I sit here again

Discussion in 'General Parenting' started by mrscatinthehat, Mar 5, 2008.

  1. mrscatinthehat

    mrscatinthehat Seussical

    Contemplating the idocy of our society. Several monthes ago we were working so hard to get difficult child 1 on board with the fact she had to be ready to be on her own by 18 (which happens the end of May). Then our case worker decided that we needed to see if we could do another year with her in care. She checked and got permission to do this.

    So we were continuing with the thought we had over another year to have her ready to be on her own. Alas at our staffing on Monday we had the bomb dropped that her case was audited and they decided that she would be out on her 18th.

    The case worker was on the phone and the rest of us sat and looked at each other after she told us that and went....huh collectively. It was pointed out that she would absolutely not be ready then. That there was no way.

    The case worker fliberty gibbeted around about it. We had an education person in the meeting saying that we could set it up that her IEP goals are not being met yet and that she needs to stay in school. That should mean according to the guidelines she qualifies for longer services.

    Evidentally the case worker told the one counselor at the Residential Treatment Center (RTC) that she was again denied the ability but would verify it with her supervisor. The Residential Treatment Center (RTC) is prepared to fight to get the services extended as they don't understand why the county doesn't want to do what is in the best interest of difficult child 1.

    I have called the caseworker the last two days and she will not return my calls. Tommorow is the day I contact her supervisor if I haven't heard from her by noon. I will also be on the phone with as many people as it takes to remedy this.

    How can it be that both of my children that have problems are having the ball dropped. I am so angry that I could spit. I sat in the staffing after the case worker got off the phone and started to cry. The Residential Treatment Center (RTC) folks don't understand any of this.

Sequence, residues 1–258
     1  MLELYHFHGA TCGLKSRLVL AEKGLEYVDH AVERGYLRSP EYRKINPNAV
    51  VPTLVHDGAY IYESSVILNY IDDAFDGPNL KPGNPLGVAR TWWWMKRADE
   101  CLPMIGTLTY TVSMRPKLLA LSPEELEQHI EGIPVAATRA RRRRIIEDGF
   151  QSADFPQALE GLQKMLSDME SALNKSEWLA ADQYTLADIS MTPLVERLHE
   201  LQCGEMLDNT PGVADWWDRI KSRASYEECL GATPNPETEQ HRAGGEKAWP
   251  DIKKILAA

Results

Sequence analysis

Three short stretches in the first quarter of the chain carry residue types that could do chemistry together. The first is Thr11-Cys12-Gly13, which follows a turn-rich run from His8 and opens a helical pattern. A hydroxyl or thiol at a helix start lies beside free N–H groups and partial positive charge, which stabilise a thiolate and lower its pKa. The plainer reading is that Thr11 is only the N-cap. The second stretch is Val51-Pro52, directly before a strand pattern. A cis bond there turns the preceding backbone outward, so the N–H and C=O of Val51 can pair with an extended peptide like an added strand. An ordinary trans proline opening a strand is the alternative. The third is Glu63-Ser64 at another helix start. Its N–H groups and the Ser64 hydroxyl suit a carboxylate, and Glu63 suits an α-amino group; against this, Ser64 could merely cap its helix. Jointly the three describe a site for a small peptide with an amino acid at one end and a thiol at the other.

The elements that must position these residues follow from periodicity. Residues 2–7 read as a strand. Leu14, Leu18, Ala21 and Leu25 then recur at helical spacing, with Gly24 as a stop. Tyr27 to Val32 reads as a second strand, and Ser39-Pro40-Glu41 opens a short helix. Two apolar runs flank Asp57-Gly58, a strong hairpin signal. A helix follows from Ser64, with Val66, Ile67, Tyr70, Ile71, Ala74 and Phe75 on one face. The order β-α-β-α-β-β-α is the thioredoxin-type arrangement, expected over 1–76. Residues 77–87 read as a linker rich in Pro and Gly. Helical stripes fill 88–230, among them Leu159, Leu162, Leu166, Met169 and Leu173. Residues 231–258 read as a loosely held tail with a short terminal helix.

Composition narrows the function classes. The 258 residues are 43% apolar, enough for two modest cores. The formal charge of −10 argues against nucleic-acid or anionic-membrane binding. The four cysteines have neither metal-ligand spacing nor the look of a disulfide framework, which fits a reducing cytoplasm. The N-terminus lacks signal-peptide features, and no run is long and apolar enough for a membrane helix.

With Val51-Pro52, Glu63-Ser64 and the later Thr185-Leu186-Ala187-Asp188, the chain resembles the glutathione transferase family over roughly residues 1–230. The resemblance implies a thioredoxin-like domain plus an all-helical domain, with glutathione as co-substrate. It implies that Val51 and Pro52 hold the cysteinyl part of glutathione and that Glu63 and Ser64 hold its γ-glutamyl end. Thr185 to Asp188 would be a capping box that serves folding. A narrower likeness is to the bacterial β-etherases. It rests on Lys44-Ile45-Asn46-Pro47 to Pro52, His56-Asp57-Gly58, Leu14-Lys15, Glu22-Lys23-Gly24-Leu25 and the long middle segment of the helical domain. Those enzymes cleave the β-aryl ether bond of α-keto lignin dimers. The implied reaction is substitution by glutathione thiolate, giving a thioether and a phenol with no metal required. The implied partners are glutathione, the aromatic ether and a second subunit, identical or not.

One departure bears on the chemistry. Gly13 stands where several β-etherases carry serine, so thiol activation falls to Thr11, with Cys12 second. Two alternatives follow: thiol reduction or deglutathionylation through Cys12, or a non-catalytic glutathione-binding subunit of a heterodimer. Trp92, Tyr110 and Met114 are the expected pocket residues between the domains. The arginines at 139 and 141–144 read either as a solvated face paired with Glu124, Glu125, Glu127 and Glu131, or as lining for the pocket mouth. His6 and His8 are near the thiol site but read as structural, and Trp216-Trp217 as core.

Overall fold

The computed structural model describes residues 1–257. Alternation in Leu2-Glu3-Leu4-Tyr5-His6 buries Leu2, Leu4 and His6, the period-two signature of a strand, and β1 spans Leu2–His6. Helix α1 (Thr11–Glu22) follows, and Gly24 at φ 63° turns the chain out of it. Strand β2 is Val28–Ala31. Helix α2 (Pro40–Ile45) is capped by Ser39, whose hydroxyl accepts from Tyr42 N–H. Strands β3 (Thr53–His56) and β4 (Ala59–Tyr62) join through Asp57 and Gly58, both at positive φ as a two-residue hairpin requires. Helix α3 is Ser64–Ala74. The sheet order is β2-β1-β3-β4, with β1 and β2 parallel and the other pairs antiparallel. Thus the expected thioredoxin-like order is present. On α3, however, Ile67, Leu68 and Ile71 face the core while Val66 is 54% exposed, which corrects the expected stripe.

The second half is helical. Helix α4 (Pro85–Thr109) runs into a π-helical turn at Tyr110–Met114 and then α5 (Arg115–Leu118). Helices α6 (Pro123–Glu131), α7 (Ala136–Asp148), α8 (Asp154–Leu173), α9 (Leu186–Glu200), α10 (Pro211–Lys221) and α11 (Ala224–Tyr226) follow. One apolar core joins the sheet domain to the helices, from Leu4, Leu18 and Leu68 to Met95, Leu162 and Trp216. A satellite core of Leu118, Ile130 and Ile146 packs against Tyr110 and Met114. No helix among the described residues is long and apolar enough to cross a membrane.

To top all of this off when I went to the conference in February I learned of a ton of stuff the case worker has not done to prepare difficult child 1 for the transition. So more than one ball has been dropped here.

    Why no one wants to help my kids is beyond my comprehension. I can not believe the battle it is going to take to make these things happen. If we can. Otherwise I really don't know what we will be able to do for difficult child 1.

    And just to make things more fun difficult child 1 is in her cycle so she isn't cooperating with anyone right now. She skipped one of her classes in school seven times in February (why it took the school that many to let someone know it was happening is also beyond my ability to reason out).

    So in the difficult child 1 land things are much complicated right now. Why , why, why.

    Beth
     
  2. Wiped Out

    Wiped Out Well-Known Member Staff Member

    Beth,
    How incredibly frustrating.:sad-very: I'm sorry, things just shouldn't have to be this hard to get help for our kids. Gentle hugs coming your way.
     
  3. flutterbee

    flutterbee Guest

    Beth -

    How frustrating. There *has* to be accountability. Somewhere.

    ((((hugs))))
     
  4. Big Bad Kitty

    Big Bad Kitty lolcat

    Reaching out to give hugs. I am so very sorry.
     
  5. timer lady

    timer lady Queen of Hearts

    Beth,

    As much as the system touts "in the best interests" - I find as the child gets older, it's no longer the case. I find the system would rather spend the time/money on the younger "more salvageable" children.

    The thinking is skewed at best. I don't know how to make "the system" work anymore than you or I do. Interventions must come much sooner; TPRs must happen faster - all these chances of keeping families that just aren't going to make it for whatever reason throw our children into a lifelong nosedive of mental illness/addiction/ emotional illness.

    And then the "system" ages them out at 18 with very few skills to live their lives.

    I know you know this & I understand & feel your frustration & pain.

    I'll be praying that a miracle occurs; that one, just one caseworker gets with the program - follows the laws in place & does their job for your difficult child.

    Sending very gentle (((hugs))) this morning.
     
  6. meowbunny

    meowbunny New Member

    Linda said it well. To the county, they're not going to "waste" the little money they have on kids that are not salvageable and once they hit their teens they are frequently deemed a lost cause. Not fair, not right but that's the way it is.

    I fought, begged and screamed for help for my daughter. The attitude was pretty much that once the adoption was final, they weren't going to do a darn thing. It took a threat of a lawsuit to even get them to find me a therapist who specialized in adoption, for which I paid. When it came time for an Residential Treatment Center (RTC), they did assist -- they paid 1/3 of the housing costs, which still left me paying more than college tuition while she was in high school. She was considered a "lost cause." This was something I was told by her social worker who was actually fighting like crazy to help me get more assistance for her.

    Fight as hard and as much as you can. They are frequently wrong. My daughter is proof that she was and is not a lost cause but rather a work in progress.
     
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